Line-O-Rama and Raw Footage - There was something similar to this on The 40 Year Old Virgin release. What we have here are multiple variations of certain dialogue being performed. Rogen and crew work fairly well when they're in a laid back atmosphere saying whatever comes to their mind. It's always interesting to see actors saying things that aren't in the script, so don't miss out on these featurettes.
Beard-O-Rama - Four minutes long, this feature is all about the big beard Martin Starr had to sport for the film. We see him sitting in his trailer complaining about it, and in between his complaints are some clips from the movie that rip on him for having it.
Gag Reel - It's only three minutes long, but when you have Rogen and crew as your talent, the gag reel is worth every second.
Kids on the Loose - Five and a half minutes worth of the two child actors in the film having some fun. It's a feature we could have done without. I could care less about the their antics on the set. I know, I'm a heartless jerk.
Finding Ben Stone - There's some great things about this twenty nine minute featurette, as well as some other things that hold it back. This is a fake documentary that focuses on finding the right actor to play the part of Ben Stone. You can watch certain scenes re-enacted as part of the process, with big name stars. And not just people that are friends with Rogen and Apatow, but Orlando Bloom got in on the gag too! It's an inventive featurette that's loaded with laughs, but it could have been a little tighter than twenty nine minutes.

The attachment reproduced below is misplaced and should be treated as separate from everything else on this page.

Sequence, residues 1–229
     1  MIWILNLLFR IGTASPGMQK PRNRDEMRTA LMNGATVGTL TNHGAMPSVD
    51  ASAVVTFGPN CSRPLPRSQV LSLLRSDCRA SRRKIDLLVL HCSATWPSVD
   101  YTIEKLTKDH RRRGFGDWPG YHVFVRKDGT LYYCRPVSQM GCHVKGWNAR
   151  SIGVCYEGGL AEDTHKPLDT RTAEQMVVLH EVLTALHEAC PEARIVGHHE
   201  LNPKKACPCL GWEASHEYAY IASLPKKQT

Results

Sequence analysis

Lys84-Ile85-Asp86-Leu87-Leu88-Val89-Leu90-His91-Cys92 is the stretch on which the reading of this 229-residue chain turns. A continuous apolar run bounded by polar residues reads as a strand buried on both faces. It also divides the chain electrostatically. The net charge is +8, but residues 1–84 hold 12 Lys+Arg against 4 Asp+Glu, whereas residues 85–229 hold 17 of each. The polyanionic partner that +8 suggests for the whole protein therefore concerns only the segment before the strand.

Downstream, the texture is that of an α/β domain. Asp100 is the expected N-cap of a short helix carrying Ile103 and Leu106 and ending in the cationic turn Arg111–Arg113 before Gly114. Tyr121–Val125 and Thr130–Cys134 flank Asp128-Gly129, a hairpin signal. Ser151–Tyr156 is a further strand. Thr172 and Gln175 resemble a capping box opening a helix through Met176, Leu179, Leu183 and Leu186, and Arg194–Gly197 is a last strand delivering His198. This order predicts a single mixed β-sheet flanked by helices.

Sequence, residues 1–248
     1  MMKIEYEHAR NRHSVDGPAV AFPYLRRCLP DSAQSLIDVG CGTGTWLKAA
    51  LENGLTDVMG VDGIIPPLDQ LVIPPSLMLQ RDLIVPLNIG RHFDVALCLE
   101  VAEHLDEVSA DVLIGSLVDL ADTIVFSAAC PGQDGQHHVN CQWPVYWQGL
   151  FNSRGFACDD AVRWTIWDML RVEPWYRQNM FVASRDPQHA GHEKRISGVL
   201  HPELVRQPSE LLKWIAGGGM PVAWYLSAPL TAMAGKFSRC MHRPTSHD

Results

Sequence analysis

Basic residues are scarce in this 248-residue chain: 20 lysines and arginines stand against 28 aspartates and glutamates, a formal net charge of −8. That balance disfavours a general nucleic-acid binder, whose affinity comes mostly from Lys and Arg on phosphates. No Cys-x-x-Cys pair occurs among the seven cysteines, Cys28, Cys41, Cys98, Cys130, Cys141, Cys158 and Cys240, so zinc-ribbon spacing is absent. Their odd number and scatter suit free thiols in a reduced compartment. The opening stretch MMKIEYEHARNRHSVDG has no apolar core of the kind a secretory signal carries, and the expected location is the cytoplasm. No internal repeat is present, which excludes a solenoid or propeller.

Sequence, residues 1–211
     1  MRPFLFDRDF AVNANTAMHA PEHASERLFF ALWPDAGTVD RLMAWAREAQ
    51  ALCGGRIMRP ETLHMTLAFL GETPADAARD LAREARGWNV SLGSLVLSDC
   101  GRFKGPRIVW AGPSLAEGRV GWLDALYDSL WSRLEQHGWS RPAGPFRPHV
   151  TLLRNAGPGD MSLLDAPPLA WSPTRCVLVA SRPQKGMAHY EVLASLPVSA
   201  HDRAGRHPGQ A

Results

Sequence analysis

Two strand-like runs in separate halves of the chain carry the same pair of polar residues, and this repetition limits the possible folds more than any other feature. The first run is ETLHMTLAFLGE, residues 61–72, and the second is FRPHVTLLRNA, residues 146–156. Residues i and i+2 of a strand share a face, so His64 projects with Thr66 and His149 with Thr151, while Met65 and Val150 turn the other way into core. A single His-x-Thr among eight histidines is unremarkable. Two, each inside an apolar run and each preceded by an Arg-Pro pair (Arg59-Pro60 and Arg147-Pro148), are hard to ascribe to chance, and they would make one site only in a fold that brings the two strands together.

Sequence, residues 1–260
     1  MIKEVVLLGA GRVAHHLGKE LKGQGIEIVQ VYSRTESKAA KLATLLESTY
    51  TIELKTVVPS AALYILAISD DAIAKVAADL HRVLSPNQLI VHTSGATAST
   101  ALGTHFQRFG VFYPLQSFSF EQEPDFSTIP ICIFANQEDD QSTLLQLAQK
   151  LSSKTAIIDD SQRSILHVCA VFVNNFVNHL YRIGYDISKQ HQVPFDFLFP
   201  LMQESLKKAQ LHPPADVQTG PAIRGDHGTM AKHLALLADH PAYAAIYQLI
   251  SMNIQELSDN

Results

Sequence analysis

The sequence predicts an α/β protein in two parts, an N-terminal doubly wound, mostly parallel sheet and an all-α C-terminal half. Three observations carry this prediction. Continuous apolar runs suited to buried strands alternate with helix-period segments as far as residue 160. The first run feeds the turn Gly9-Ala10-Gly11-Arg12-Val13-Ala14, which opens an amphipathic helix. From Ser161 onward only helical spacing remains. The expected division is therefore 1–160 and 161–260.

Directing the Director - This is another documentary style gag. This one is seven minutes long, but for a feature that felt unnecessary itself, that's about four or five minutes too long. We're lead to believe that Universal wanted to have Apatow kicked to the curb. It's a funny bit, but it's a little too long. Perhaps they should have found some way to incorporate this into the Finding Ben Stone featurette?
Gummy: The 6th Roommate - The 'it's funny because it's not true' gag is getting a little tiresome at this point. I want to see stuff that's actually about the movie, you know? This featurette is about six minutes long, and focuses on a roommate character that decided to bail to be in a Woody Allen movie instead. At this point, we've seen a total of forty two minutes of fake trickery for comedic effect. That's basically a one hour program with the commercials cut out. Let's hope there's something of substance on the next feature...